Financial Industry Told to Share Costs of Lifeline Banking

By Garsson, Robert M.; Sudo, Philip T. | American Banker, October 30, 1984 | Go to article overview

Financial Industry Told to Share Costs of Lifeline Banking


Garsson, Robert M., Sudo, Philip T., American Banker


Banks, thrifts, brokers, and other financial services companies that provide transaction services should share the cost of providing the poor with access to the payments system, Chase Manhattan Bank's top consumer banker says.

"If we reason that banking services are a necessity, like food, we should parallel government's response to that problem, which is food stamps," said Frederick S. Hammer, executive vice president for consumer banking at Chase.

"Since supermarkets aren't required to give food away, neither should banks be required to give banking services away, but merely to play the distributor as supermarkets do," Mr. Hammer added.

Mr. Hammer, who commented on "lifeline banking" in a speech before the Consumer Banking Conference of the New York State Bankers Association, conceded that his solution "flies in the face of political realities, since it requires that government not only create the solution, but pay for it as well."

Because the federal government is not likely to finance lifeline services for those who cannot afford them, Mr. Hammer added, all financial services companies that are participants in the payments systems should share the cost.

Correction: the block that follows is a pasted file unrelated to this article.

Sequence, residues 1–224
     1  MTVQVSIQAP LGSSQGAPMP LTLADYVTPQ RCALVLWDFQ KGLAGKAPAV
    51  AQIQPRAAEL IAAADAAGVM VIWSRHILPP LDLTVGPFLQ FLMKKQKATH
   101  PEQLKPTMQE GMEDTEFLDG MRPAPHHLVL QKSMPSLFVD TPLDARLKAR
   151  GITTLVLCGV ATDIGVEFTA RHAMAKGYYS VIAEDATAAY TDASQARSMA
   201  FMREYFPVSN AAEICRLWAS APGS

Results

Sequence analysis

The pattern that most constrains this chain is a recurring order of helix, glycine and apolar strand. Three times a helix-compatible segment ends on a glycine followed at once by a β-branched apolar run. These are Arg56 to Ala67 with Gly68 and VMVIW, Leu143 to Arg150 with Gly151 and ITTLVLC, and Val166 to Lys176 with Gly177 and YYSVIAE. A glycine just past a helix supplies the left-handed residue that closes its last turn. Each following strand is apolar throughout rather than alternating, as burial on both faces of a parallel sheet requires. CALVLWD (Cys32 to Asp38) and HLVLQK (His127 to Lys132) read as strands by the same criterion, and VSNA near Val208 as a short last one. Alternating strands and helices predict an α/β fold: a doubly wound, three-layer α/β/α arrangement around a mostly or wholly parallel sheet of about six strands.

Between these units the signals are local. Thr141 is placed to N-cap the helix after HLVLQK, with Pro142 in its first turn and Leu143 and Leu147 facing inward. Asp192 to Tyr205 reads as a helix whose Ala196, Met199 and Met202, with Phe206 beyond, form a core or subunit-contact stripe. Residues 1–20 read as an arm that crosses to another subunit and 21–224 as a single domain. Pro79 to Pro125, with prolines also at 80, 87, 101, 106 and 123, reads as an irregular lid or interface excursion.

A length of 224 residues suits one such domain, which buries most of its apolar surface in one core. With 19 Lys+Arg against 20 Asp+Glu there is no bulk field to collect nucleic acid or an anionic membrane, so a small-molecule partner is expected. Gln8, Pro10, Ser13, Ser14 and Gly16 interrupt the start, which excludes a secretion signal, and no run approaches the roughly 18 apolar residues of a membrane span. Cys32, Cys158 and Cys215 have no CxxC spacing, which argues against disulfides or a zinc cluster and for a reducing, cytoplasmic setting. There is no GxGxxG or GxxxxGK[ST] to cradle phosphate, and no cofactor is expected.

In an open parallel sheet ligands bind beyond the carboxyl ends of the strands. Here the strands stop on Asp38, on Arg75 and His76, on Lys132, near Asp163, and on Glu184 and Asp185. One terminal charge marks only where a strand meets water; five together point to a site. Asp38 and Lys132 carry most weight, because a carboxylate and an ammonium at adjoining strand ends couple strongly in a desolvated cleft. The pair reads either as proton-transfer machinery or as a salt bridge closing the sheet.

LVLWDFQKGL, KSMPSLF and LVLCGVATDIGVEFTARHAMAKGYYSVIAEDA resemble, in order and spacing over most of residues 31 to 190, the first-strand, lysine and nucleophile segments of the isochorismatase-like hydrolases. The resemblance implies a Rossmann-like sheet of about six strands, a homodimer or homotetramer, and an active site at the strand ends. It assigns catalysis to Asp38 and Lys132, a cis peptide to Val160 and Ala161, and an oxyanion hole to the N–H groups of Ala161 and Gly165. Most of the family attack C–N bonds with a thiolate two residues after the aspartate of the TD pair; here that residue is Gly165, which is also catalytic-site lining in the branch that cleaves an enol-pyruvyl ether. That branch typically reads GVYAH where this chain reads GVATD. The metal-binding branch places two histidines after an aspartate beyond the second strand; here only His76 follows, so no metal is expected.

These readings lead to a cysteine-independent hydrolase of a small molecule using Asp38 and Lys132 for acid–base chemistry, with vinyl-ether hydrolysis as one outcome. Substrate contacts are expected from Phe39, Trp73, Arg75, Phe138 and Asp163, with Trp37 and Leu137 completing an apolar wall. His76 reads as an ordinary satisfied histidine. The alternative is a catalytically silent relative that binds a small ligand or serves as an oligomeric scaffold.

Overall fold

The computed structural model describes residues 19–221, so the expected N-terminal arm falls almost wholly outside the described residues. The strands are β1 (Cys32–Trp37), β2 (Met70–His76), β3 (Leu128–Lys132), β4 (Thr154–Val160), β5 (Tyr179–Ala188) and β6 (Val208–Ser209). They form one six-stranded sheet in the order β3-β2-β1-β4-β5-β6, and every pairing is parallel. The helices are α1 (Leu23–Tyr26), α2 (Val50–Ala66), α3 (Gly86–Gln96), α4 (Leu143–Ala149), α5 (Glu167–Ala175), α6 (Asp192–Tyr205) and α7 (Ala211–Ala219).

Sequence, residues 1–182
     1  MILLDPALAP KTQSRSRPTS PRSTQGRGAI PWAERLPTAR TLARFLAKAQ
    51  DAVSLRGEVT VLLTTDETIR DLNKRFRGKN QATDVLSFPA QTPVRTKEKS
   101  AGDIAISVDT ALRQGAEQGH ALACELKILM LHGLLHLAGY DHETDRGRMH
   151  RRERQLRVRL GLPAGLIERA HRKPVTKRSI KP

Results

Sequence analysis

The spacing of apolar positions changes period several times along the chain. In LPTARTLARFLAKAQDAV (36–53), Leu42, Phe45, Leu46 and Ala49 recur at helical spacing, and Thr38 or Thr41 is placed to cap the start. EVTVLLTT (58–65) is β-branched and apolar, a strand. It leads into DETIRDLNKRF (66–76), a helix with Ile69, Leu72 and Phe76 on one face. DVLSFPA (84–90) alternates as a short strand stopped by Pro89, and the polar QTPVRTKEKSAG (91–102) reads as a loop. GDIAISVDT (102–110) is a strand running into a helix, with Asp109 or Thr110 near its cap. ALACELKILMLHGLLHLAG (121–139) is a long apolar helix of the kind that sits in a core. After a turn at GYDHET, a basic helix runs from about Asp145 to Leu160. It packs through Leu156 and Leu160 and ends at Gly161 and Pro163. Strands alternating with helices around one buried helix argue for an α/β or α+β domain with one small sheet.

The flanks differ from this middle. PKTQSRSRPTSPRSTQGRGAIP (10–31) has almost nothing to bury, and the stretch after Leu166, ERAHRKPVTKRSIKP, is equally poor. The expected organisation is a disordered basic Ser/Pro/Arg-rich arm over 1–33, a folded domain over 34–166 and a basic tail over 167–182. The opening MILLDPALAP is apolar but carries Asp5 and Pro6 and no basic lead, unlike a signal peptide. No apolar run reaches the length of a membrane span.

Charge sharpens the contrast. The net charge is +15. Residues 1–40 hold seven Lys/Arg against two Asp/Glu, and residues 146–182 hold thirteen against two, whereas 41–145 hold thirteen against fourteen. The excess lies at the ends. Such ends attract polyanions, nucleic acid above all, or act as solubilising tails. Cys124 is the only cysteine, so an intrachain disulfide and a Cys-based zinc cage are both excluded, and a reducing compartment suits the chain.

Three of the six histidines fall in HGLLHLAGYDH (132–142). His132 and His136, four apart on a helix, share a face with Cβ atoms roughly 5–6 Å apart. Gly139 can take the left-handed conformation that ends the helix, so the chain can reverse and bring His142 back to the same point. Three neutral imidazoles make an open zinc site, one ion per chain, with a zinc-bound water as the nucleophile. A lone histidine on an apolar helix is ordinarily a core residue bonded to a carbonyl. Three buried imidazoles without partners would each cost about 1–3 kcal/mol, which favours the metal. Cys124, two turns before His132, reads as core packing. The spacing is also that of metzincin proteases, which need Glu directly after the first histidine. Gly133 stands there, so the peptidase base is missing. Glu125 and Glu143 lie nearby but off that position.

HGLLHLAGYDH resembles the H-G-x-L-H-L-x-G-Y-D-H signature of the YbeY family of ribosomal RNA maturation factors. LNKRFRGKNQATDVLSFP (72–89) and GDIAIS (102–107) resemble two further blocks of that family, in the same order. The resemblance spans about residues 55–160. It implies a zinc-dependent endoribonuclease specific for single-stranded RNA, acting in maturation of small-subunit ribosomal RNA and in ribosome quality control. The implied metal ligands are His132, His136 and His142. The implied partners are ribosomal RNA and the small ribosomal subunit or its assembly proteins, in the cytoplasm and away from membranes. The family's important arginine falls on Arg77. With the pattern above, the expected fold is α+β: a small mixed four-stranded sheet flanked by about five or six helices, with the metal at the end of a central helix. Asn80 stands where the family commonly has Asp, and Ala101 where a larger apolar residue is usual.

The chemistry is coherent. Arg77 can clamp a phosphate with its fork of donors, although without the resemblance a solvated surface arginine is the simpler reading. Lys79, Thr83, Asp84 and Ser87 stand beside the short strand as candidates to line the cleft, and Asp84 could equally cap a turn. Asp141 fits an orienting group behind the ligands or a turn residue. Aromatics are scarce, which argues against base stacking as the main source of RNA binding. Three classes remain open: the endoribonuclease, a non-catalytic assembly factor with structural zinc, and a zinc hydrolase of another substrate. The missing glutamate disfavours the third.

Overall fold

Nonbanks, which "benefit handsomely" from the payments system, Mr. Hammer said, could provide their own lifeline services, join a consortium of lifeline providers, or pay other providers a share of their costs. Necessary Services

Lifeline banking assumes that payments system services are so important that everyone must be guaranteed access to them, even if they cannot afford to pay. As banks have begun raising service charges recently, some states have begun to look at lifeline banking bills.

Most recently, Massachusetts enacted a law prohibiting state-chartered banks from levying fees on persons under 18 or over 65.

In his speech Monday in Rye, N.Y., -- a text of which was released in New York by Chase -- Mr. Hammer contended that bankers, as responsible members of the business community, must address "the possibility that explicit pricing may bar certain customers from access to the payments system. …

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